Appeal to Neutrality
Villain attempts to convince the hero they have no reason for involvement.
A lot of heroes end up basically sticking their noses in what's none of their business during their adventures. Stepping in to help a defenseless village from a marauding horde, save a gambler from the loan sharks out to eat him, and try to stop The Empire from conquering The Federation. In these situations the hero may be confronted by the Big Bad with an Appeal To Neutrality. Much like We Can Rule Together, the bad guy is trying to get the hero to stop helping the good guys. Albeit rather than cause a Face–Heel Turn, they try to do so by convincing the hero that they have no stake in the matter, no link to tie them to either side, and no epic rivalry between grudge between hero and villain. This kind of "Leave Your Quest" Test usually results in the hero realizing that they have to stay and fight, either because of an emotional attachment to one person on the good guy side, or because basic human decency requires him to. May be paired with Heroic Neutral, a guy who just wants to be left alone but the plot drags around. Denying their neutrality becomes Character Development in that they are no longer neutral. Film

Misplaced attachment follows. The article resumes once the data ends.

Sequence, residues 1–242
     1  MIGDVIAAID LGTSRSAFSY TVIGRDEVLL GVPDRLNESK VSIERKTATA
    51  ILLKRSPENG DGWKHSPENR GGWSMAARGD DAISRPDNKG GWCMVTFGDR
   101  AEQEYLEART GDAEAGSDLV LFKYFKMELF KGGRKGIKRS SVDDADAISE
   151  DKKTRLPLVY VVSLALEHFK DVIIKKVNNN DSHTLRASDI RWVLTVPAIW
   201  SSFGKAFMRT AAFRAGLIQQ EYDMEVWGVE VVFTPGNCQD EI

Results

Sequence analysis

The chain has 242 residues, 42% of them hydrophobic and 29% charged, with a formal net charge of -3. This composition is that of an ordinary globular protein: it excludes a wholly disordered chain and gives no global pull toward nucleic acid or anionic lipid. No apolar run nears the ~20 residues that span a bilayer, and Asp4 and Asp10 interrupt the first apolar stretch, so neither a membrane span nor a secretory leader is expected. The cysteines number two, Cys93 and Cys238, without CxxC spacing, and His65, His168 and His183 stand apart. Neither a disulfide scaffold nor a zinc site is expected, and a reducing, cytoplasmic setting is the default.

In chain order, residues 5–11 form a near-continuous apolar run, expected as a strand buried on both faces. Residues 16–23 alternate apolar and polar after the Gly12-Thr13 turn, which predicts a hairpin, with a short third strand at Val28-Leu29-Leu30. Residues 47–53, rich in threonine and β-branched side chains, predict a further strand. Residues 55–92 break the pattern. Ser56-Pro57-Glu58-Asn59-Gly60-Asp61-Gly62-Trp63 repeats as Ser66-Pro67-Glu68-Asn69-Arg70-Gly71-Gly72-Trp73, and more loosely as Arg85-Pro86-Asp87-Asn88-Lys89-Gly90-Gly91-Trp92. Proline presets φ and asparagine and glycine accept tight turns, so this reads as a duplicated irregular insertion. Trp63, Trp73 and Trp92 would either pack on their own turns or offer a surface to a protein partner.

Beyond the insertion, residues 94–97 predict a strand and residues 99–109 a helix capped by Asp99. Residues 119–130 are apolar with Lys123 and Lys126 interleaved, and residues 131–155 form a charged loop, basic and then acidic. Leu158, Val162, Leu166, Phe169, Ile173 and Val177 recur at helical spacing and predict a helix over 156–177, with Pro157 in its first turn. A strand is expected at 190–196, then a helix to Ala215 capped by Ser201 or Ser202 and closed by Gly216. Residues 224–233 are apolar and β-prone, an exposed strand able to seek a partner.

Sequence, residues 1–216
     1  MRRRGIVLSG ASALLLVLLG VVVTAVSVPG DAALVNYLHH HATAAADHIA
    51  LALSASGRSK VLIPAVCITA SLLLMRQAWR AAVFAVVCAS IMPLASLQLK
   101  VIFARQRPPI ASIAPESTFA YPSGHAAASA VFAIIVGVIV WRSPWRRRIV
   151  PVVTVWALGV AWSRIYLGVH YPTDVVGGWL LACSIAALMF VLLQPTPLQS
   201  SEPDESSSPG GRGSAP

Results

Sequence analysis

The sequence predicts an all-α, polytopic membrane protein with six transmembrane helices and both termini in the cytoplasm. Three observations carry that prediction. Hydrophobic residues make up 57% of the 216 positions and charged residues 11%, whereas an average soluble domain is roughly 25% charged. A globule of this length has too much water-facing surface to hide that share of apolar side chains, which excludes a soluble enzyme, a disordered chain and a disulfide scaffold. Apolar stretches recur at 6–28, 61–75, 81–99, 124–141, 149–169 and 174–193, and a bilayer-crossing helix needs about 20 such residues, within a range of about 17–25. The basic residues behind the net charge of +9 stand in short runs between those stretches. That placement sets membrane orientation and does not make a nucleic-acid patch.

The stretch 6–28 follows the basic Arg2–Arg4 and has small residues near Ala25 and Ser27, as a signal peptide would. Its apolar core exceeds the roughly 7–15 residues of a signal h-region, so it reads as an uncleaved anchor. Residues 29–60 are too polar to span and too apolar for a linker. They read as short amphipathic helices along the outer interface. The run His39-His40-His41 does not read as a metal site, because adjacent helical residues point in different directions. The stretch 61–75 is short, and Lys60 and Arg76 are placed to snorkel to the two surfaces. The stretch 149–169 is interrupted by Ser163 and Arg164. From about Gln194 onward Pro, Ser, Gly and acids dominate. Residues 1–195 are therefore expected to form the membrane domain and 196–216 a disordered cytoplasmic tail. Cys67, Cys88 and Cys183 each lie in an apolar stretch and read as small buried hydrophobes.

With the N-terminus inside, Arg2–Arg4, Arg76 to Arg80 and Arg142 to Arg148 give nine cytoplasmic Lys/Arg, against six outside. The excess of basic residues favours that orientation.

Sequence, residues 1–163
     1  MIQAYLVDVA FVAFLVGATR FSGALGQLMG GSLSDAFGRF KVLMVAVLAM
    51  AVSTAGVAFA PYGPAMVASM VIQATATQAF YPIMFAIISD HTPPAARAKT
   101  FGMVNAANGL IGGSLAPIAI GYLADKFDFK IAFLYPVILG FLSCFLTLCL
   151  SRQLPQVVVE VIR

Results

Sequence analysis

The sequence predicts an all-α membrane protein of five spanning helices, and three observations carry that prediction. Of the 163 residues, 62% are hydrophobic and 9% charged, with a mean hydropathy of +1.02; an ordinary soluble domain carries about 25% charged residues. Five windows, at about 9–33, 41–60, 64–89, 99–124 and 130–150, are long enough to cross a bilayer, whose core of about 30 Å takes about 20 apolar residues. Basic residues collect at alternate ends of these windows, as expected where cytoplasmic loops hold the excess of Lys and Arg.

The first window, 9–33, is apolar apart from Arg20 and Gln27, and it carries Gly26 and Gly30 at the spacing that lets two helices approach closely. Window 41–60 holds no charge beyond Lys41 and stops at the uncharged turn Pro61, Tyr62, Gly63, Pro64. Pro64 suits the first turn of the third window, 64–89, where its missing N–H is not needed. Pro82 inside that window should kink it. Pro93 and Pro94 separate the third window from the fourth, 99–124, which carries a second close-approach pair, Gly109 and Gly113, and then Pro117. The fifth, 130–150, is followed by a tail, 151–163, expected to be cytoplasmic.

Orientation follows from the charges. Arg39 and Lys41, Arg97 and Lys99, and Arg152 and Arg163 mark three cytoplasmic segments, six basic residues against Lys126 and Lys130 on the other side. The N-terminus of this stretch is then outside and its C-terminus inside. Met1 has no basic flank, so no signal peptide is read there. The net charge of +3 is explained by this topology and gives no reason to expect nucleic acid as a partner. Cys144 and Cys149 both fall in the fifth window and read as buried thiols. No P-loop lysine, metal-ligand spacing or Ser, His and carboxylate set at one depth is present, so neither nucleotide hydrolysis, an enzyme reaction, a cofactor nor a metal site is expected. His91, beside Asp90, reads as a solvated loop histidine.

- John Carter: "How do you say it in Virginia? You have no dog in this fight."
- Dungeons & Dragons module I5 Lost Tomb of Martek. While the PCs are on the "Crypt of Al-Alisk" adventure, the Big Bad appears in a vision and warns them not to get involved.
I warn thee and all with thee. Get thee hence from this land! The battle to come is between me and Athis al-Din and none of thy concern. If thou values thy life, get thee hence!Real Life
- During World War II, Axis propaganda (especially Japanese) aimed at the United States tended to take a "why are you fighting?" approach. Which didn't work, because those soldiers knew exactly why they were fighting, and it had to do with Zeroes over Pearl Harbor.
Hello, Unknown Troper. You'll need to get known to lend a hand here.